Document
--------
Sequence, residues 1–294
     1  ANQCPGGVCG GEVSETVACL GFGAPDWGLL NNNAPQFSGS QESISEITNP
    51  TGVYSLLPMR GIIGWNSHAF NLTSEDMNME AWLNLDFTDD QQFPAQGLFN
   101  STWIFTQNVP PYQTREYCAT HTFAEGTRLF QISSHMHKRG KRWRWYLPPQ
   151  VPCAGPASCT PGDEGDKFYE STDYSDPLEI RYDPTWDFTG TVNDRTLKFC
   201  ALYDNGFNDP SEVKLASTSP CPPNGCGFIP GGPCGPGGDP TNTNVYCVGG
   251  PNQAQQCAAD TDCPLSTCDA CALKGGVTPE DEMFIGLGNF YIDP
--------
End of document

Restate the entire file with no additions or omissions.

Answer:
Sequence, residues 1–294
     1  ANQCPGGVCG GEVSETVACL GFGAPDWGLL NNNAPQFSGS QESISEITNP
    51  TGVYSLLPMR GIIGWNSHAF NLTSEDMNME AWLNLDFTDD QQFPAQGLFN
   101  STWIFTQNVP PYQTREYCAT HTFAEGTRLF QISSHMHKRG KRWRWYLPPQ
   151  VPCAGPASCT PGDEGDKFYE STDYSDPLEI RYDPTWDFTG TVNDRTLKFC
   201  ALYDNGFNDP SEVKLASTSP CPPNGCGFIP GGPCGPGGDP TNTNVYCVGG
   251  PNQAQQCAAD TDCPLSTCDA CALKGGVTPE DEMFIGLGNF YIDP